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CEDH [State Human Rights Commission] and the Government have signed the Manifesto for a Culture of Peace and Non-Violence [Michoacan, Mexico]
un articulo por Verónica Torres, La Voz de Michoacán

If each person in his/her own community promotes a culture of peace and non-violence, it will combat the violence that affects all members of the society.

click on photo to enlarge

During the reading and signing of the Manifesto for a Culture of Peace and Non Violence, Secretary of the State Government Jaime Mendez Dario Oseguera said that this manifesto will strengthen the values ​​that help to improve the solidarity of the community.

He emphasized that there are diverse values ​​that unite the community for human rights and its related principles, to promote actions taken by the CEDH [State Human Rights Commission], especially when the community has been threatened by violence. It is alarming, he said, that the violence that exists today has no ideologies and takes place outside the law.

For his part, the president of the CEDH, Jose Maria Cazares Solorzano said that the manifesto will strengthen their actions in Michoacan.

As an overview, the Master Germán Martínez Ramos considered in detail the areas of action for the actors at local, national and international level, those that should promote a culture of peace through education, sustainable economic and social development by reducing economic and social inequalities, respect for all human rights, democratic participation, etc.

Following which, the Michoacan Ombudsman, Jose Maria Cazares Solorzano, took the pledge of the Manifesto, promising to respect all life, reject violence, release my generosity, listen to understand, preserve the planet and rediscover solidarity, to which the State Government agreed.

(Click here for a Spanish version of this article)


Pregunta(s) relacionada(s) al artículo :

The Manifesto 2000, Is it still relevant today?

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Comentario más reciente: :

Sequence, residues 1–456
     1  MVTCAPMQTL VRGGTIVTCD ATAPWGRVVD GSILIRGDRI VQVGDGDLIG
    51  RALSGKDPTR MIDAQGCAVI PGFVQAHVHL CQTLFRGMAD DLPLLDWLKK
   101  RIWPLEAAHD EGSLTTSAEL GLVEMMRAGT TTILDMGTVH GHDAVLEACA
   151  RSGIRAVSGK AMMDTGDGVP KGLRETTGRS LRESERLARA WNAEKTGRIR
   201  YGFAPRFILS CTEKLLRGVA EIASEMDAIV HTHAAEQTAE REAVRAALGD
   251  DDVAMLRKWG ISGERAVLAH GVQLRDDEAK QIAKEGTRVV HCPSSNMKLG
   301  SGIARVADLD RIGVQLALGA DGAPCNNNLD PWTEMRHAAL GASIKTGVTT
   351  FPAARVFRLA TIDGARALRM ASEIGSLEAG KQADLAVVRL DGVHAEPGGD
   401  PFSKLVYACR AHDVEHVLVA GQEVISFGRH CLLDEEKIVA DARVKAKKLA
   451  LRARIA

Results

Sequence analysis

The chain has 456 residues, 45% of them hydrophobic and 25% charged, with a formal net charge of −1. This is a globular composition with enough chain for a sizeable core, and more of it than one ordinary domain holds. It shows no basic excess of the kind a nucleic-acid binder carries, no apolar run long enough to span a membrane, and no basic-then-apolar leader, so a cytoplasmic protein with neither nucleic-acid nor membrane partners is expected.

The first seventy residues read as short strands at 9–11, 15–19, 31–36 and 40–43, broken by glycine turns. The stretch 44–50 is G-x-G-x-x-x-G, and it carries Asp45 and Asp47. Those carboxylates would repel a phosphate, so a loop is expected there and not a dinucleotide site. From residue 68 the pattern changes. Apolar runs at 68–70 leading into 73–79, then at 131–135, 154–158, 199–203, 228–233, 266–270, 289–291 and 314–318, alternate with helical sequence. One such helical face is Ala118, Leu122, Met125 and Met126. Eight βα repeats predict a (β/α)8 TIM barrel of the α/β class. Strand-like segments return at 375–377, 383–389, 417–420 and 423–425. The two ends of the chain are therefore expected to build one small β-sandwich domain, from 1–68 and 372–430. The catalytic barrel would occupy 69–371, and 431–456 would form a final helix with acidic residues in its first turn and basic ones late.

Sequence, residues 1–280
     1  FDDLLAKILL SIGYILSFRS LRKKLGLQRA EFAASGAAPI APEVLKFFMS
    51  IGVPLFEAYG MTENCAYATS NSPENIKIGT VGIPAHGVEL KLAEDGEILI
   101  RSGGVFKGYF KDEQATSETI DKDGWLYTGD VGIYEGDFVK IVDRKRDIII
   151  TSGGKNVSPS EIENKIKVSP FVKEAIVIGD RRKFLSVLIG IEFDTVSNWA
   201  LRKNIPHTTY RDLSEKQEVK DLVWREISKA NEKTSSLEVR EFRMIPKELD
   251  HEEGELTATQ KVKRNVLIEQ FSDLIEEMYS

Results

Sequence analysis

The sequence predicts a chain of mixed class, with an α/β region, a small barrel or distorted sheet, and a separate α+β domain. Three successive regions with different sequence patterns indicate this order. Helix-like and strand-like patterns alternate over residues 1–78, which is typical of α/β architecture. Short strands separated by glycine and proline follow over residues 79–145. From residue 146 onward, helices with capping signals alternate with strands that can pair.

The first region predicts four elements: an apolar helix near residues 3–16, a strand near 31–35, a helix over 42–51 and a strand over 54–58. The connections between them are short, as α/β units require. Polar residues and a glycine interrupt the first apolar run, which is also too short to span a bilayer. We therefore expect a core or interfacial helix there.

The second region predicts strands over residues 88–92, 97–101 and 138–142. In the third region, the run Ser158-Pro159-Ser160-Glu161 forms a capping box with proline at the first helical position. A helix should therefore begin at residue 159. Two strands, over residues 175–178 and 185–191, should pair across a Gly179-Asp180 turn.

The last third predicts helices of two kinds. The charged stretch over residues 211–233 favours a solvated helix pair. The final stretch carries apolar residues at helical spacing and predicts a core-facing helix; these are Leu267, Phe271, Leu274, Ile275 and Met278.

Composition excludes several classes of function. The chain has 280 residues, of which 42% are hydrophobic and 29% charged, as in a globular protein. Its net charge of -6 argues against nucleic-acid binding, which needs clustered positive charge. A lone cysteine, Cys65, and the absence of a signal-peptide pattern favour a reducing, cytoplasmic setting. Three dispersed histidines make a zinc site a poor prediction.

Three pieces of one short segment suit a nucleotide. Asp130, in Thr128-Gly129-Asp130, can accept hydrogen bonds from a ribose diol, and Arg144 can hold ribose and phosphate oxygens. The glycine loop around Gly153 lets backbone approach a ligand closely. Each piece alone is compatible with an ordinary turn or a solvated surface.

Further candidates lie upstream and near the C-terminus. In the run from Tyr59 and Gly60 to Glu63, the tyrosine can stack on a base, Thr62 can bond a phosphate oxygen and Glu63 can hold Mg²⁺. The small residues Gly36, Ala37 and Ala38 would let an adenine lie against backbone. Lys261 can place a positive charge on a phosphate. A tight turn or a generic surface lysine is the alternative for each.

The Manifesto 2000 was signed by 75 million people during the International Year for the Culture of Peace (2000), who promised to promote a culture of peace in their daily lives.  Specifically, they promised to:

Respect the life and dignity of each human being without discrimination or prejudice;

Practise active non-violence, rejecting violence in all its forms: physical, sexual, psychological, economical and social, in particular towards the most deprived and vulnerable such as children and adolescents;

Share my time and material resources in a spirit of generosity to put an end to exclusion, injustice and political and economic oppression;

Defend freedom of expression and cultural diversity, giving preference always to dialogue and listening without engaging in fanaticism, defamation and the rejection of others;

Promote consumer behaviour that is responsible and development practices that respect all forms of life and preserve the balance of nature on the planet;

Contribute to the development of my community, with the full participation of women and respect for democratic principles, in order to create together new forms of solidarity;

It would appear that the Manifesto is now considered to be very relevant to the situation in Mexico.  At the same time as the Manifesto was signed in the Michoacan state of Mexico, it was also presented in the Mexican state of Zacatecas.

Este artículo ha sido publicado on line el September 28, 2014.